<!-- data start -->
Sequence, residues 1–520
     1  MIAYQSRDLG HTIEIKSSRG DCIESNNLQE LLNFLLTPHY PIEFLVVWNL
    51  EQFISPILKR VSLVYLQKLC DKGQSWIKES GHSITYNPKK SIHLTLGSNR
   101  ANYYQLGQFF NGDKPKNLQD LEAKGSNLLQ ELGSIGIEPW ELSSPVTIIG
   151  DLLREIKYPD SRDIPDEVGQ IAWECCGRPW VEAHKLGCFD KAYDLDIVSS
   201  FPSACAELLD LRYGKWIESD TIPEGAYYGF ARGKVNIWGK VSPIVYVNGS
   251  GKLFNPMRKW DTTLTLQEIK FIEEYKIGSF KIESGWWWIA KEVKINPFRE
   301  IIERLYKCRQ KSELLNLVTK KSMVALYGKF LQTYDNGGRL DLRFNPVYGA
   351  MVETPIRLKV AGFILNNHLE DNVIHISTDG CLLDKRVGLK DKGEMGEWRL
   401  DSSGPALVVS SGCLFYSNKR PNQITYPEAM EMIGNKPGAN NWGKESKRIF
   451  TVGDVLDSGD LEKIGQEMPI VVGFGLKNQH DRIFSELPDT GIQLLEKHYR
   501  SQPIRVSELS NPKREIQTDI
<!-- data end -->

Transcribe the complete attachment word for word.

Sequence, residues 1–520
     1  MIAYQSRDLG HTIEIKSSRG DCIESNNLQE LLNFLLTPHY PIEFLVVWNL
    51  EQFISPILKR VSLVYLQKLC DKGQSWIKES GHSITYNPKK SIHLTLGSNR
   101  ANYYQLGQFF NGDKPKNLQD LEAKGSNLLQ ELGSIGIEPW ELSSPVTIIG
   151  DLLREIKYPD SRDIPDEVGQ IAWECCGRPW VEAHKLGCFD KAYDLDIVSS
   201  FPSACAELLD LRYGKWIESD TIPEGAYYGF ARGKVNIWGK VSPIVYVNGS
   251  GKLFNPMRKW DTTLTLQEIK FIEEYKIGSF KIESGWWWIA KEVKINPFRE
   301  IIERLYKCRQ KSELLNLVTK KSMVALYGKF LQTYDNGGRL DLRFNPVYGA
   351  MVETPIRLKV AGFILNNHLE DNVIHISTDG CLLDKRVGLK DKGEMGEWRL
   401  DSSGPALVVS SGCLFYSNKR PNQITYPEAM EMIGNKPGAN NWGKESKRIF
   451  TVGDVLDSGD LEKIGQEMPI VVGFGLKNQH DRIFSELPDT GIQLLEKHYR
   501  SQPIRVSELS NPKREIQTDI